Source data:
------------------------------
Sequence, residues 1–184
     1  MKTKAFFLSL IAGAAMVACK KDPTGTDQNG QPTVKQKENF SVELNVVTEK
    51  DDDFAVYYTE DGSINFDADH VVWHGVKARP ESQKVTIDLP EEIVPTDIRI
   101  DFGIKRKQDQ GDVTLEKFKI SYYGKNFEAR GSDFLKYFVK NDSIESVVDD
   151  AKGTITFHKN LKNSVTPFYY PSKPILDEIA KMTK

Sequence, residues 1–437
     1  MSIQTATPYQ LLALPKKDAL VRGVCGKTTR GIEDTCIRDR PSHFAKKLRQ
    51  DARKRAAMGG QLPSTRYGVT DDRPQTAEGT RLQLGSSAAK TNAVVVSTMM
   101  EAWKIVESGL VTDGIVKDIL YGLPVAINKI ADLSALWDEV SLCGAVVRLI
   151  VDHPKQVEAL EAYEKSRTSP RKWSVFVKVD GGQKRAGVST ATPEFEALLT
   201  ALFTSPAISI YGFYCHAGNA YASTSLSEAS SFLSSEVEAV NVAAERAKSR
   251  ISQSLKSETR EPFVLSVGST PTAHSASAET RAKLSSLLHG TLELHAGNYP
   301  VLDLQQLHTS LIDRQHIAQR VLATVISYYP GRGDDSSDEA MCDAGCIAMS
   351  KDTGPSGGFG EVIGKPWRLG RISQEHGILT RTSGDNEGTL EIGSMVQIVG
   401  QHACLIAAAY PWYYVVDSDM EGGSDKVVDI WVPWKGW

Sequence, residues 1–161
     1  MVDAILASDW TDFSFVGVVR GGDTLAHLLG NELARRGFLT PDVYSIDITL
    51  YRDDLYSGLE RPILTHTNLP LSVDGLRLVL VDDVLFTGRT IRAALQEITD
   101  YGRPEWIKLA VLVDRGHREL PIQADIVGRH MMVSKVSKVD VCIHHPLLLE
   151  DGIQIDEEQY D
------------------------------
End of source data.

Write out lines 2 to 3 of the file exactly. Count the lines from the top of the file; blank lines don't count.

     1  MKTKAFFLSL IAGAAMVACK KDPTGTDQNG QPTVKQKENF SVELNVVTEK
    51  DDDFAVYYTE DGSINFDADH VVWHGVKARP ESQKVTIDLP EEIVPTDIRI